Hidden Meadows Communty Concerns About the Newland Sierra Proposals


The Nextdoor Hidden Meadows site has carried an interesting discussion thread recently about an article in the San Diego Union-Tribune which described a 2,135 home development the Newland Sierra Group is trying to get approved in the area north of Deer Springs Rd and west of I-15.

There was an earlier attempt at building a development in that area going back at least as far as 2004. At that time they were proposing 3,391 dwellings with 12.9 acres devoted to commercial use. It came close to being approved before by the San Diego County Supervisors. I do not recall the details of how that worked but I do recall there was a lot of infighting among the Supervisors and that the outcome was very much in question for a long time. Eventually it was defeated, sometime in 2010 I believe, but we always expected that piece of property would attract the attention of another developer, and of course it has.

Newland Sierra has been briefing several City Planning Groups and Community Sponsor Groups in our area about this project for at least a year. I believe the the proposed development area falls primarily within the Twin Oaks Valley and Fallbrook, and possibly Bonsall Sponsor Group areas. Your Hidden Meadows Sponsor Group has and will again be asked to comment on this project, but since it falls outside of our area of responsibility we will not be asked for a formal recommendation.

Newland Sierra still has a lot of work to do before they can actual seek County approval for changes to the San Diego County Specific Plan that was completed in 2010 and set limits for dwelling density, commercial, and other land use. They will also have to certify sufficient supply and complience with water, waste water, and other utilities will be available, and that envieronmental requirements are complied with.

Since the recommendations and comments have been generally negative with specific objections to a number of features Newland Sierra we expect to see another round of briefings to the affected areas Sponsor and Planning Groups. When we know they will be here or at the Twin  Oaks Valley Sponsor Group meeting we will publish whatever information we have about that in this newspaper and on the newspaper’s web site.

The following are some excerpts of comments submitted to the County Planning Group following the Newland Sierra briefing we received in May.

“The first concern is that this project in not in compliance with the General Plan, and as such, if it is allowed to go forward, would be a precedent and indicator of the county’s  intent or willingness to disregard the guidance and provisions of  the General Plan.”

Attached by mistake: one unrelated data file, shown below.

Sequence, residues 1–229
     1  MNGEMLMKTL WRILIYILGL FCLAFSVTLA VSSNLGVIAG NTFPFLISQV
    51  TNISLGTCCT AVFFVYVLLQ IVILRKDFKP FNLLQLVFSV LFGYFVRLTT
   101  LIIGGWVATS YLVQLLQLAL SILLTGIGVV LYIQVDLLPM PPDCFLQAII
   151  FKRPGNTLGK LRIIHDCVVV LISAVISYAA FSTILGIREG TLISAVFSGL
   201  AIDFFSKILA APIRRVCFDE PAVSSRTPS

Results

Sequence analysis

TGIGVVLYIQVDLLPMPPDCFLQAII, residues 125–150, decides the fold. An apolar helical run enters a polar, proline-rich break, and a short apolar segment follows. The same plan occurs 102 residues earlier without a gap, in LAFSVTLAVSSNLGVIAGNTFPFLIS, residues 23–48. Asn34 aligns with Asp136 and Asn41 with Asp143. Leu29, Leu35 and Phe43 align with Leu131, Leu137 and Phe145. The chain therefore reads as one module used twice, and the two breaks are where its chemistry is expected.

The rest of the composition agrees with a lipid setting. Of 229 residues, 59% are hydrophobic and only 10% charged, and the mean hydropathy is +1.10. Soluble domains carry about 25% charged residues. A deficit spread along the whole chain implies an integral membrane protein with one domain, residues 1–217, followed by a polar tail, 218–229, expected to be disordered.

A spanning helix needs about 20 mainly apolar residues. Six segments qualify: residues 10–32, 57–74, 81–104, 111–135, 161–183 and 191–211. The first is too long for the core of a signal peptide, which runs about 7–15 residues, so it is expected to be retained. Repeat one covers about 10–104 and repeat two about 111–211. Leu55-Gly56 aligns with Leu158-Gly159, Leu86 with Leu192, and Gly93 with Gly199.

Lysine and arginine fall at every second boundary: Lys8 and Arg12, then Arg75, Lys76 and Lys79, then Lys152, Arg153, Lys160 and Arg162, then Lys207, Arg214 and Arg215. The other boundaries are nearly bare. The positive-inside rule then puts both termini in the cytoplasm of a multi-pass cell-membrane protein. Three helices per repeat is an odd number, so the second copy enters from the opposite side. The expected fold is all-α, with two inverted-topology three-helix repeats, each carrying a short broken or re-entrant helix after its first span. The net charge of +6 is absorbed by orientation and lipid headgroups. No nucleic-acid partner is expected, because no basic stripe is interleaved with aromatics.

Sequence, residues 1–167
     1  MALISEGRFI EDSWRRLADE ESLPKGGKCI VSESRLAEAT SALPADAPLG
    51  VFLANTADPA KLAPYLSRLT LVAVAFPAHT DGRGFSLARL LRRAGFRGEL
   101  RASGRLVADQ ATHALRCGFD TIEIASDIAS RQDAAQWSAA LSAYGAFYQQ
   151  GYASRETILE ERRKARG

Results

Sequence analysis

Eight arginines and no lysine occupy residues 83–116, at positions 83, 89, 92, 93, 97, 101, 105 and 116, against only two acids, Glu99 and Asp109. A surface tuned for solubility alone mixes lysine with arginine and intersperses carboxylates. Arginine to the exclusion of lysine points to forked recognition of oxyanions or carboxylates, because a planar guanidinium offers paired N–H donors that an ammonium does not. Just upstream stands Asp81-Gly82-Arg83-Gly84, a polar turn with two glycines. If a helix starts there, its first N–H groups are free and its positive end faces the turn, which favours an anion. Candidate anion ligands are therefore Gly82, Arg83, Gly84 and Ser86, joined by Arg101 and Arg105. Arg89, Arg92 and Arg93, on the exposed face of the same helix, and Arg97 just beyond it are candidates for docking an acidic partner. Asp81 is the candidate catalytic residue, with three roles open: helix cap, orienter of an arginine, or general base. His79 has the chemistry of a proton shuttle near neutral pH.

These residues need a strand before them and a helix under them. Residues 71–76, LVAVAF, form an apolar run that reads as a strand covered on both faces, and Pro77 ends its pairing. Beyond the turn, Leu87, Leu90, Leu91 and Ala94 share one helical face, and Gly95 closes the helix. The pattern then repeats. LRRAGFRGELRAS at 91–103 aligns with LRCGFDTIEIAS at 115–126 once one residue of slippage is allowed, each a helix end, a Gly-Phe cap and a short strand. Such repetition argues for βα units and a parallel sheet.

“project area is basically the beginning of the first significant pristine wild area travelers encounter as they drive north from the heavily populated city areas. The rural character of this area, and the expectation that it would remain so as county policy was a major consideration of many of the local residents when they chose to purchase their property and settle here.”

“The effects of the noise and dust which would be produced by this project fall hardest on the Lawrence Welk community and resort and the Rim Rock community which are downwind of the site during the prevailing coastal breezes. Newland Sierra speakers described a rock crushing facility which would be on site and active during the construction period. This raises the question of both short and long term health effects on the communities downwind of the site. The Lawrence Welk villages, the Rim Rock area, Hidden Meadows and, to at least some extent, the Jesmond Dene area would be directly downwind of this activity during much of the time.”

“Although Newland Sierra is apparently reserving land for a charter school they are apparently providing no funding support for said school. This brought questions about concerns for loading the neighboring school districts until a school actually comes on line in the community.”

“. . . Newland Sierra’s apparent intent to leave an essential section of Deer Springs Road as basically a two lane road with the center turn lane met with almost unanimous opposition. It was considered to be no significant improvement to a road already unable carry the load effectively in either direction during some parts of the day. This was compounded by allowing up to 500 of the housing units to be occupied prior to completion of the Deer Springs road project, potentially adding nearly twenty-five percent of the projected traffic from the development to an already overcrowded road project.”

“There is also the concern that CalTrans has not revealed any detailed plans for the adjacent I-15 interchange, although we heard that its footprint may include the Mesa Rock/Deer Springs road intersection on the west side and the Deer Springs/Mountain Meadow Rd/Old 395 Hwy intersection and the Park and Ride lot on the east side.”

As I recall there were about twenty people in the audience at the Newland briefing. Of that group about fifteen people took advantage of the question and comment period that followed. One person was moderately in favor of allowing the project to go forward. The rest were questions about details that had been briefed or statesments in opposition to the project, some both.

I hope this sheds some light on the comments and questions that have appeared on the Hidden Meadows NextDoor site, and perhaps encourages a few more of our nieghbors to join the site. It has become a useful and informative asset in our community.

For instance, that is where I learned why the traffic lights at the bottom of Mountain Meadow Rd and Center City Parkway are working the way they are now, what is needed to make them work the way they used to, and when we might expect that to happen. If you don’t know that and would like to, think about joining the NextDoor site.